By Arab News
By Chris Doyle
All political careers end in failure. Some begin and end in it. This may well be the political obituary of Suella Braverman, sacked on Monday for having defied British Prime Minister Rishi Sunak, for undermining the police, and for stoking community tensions.
Braverman was a paperweight in a heavyweight role. She had already been fired as interior minister once last year for a breach of security, leaving huge questions as to why she was ever reappointed.
Hate could be her middle name. Her political approach was a perpetual escalation. She was a field marshall in the culture wars that have engulfed Britain, inspired by similar confrontations in the US and elsewhere. Braverman was the most divisive and polarizing British political figure since Enoch Powell. She instrumentalized identity in a way no other modern British politician has done.
To run through all the lowlights of her time as home secretary would take too long. Perhaps one of the worst was when she claimed that grooming gangs were “groups of men, almost all British-Pakistani, who hold cultural attitudes completely incompatible with British values.”
Overall, it was her fierce anti-immigrant approach for which she may be most reviled. Her dehumanizing rhetoric would sit well with most of the far-right movements in the rest of Europe. She spoke of an “invasion” of migrants on the south coast. She claimed illegal migration was out of control but did nothing to bring it under control — if anything, fomenting the crisis, trying to be both arsonist and firefighter.
Domestically, her most incendiary recent comment was her description of being homeless as a “lifestyle choice.” Quite what she thought she would gain by this approach is anyone’s guess. The logic of arguing that homeless people chose to be homeless was lost on most people.
On Palestine, she knowingly and for her own political benefit stirred up tensions on the streets of London by routinely referring to the pro-ceasefire demonstrations as “hate marches.” No other Cabinet minister used such a label, even those who were critical of the march being held on Armistice Day. She wrote an incendiary article for The Times newspaper, claiming quite falsely that some senior police officers “play favorites” over how they handle protests, and ignored requests from No 10 Downing Street to amend it. To their credit, the police stood up to her and refused to ban Saturday’s march, preserving the vital right to protest in Britain. In fact, the most serious violence on Saturday came not from pro-Palestinian marchers, but from a far-right hate mob.
Critics saw her defiance of the prime minister as conducting a leadership campaign while in office. They believe she was daring him to sack her. Would he have the guts? For some time, it looked as if Sunak would not. Despite the pressure, much of it from within the Conservative Party, he stuck with her until her position became untenable.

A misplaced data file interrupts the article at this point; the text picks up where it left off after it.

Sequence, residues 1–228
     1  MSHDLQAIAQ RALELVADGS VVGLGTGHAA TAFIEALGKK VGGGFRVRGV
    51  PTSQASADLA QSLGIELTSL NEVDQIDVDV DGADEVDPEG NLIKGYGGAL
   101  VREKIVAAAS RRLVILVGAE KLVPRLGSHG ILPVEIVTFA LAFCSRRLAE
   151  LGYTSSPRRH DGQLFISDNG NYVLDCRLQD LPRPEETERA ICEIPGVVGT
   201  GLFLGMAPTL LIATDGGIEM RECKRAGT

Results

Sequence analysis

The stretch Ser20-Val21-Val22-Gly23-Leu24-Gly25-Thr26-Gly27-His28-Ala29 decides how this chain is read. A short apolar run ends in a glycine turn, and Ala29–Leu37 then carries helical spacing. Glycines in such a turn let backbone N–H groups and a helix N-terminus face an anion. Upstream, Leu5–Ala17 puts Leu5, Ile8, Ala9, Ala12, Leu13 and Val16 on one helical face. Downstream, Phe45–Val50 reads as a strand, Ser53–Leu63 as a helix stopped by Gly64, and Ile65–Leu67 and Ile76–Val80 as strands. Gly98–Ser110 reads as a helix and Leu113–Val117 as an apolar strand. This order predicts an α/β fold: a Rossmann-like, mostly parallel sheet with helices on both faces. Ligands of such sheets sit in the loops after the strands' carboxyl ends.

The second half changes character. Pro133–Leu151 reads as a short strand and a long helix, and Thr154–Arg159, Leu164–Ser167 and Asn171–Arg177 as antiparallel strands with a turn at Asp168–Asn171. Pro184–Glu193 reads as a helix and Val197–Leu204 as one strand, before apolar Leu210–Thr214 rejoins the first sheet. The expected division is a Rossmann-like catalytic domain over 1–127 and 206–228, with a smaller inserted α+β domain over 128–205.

An embittered Braverman will head off to the backbenches. If her record is anything to go by, she will come out fighting from day one. She still dreams of becoming Tory leader, and most bet that there will be a vacancy after the next election if not before. She wants to be the flag bearer for the far-right of the party.
Where does this leave Sunak? This will not help unify his party, but is that even possible? He would be wise to focus on doing the best job of governing as possible and spend less time worrying about rebellious backbenchers, who never supported him anyway. His electoral chances are slim, but they can only improve with a focus on delivery of what matters to the British people, not least getting the economy on track. All the brouhaha about what have been largely peaceful marches (albeit with a number of vile examples of antisemitism) has been a huge distraction from the job of running the country. In shifting James Cleverly from foreign secretary to home secretary, Sunak has called upon someone who will be far less inflammatory and not inclined to the dangerous naked culture wars of his predecessor.
Part of that process of government renewal should be for the new Foreign Secretary, David Cameron to get a grip on the UK’s Israel-Palestine policy. Braverman, according to my government sources, had a distinctly unfortunate and negative input into this policy brief, about which she knows precious little.
The newly ennobled Lord Cameron will have stature internationally, having been prime minister for six years. He knows his way around the diplomatic circuit. He has international experience and is a believer in the international system and working with allies. He is not a zealous ideologue on the Middle East, one way or another.
Cameron has to boost British support for justice, fairness and the international rules-based order. He should move to resolving conflicts, not stoking them. He also is famous for having described Gaza quite accurately in 2010 as “an open-air prison.” The question will be whether he will be willing to tackle the dominant anti-Palestinian elements in the 2023 Conservative Party, who adopt positions more akin to Likud. Will he challenge the anti-Arab, anti-Muslim elements in his party? All too often these extremist elements just go straight to No 10 Downing Street and bypass the Foreign Office. The prime minister should not permit this. But will he allow Lord Cameron this freedom to have ownership of a reshaped British foreign policy?
None of this advances Conservative election prospects. As they lag massively in the polls, party divisions are in the media headlights once again. But Sunak will have a Cabinet that is more to his liking, devoid of his biggest troublemaker and rowdy rebel. Against that, with an ever-shrinking majority due to by-elections and suspensions, Sunak is having to walk a precarious tight rope — and the sharks are waiting.
- Chris Doyle is director of the Council for Arab-British Understanding in London. X: @Doylech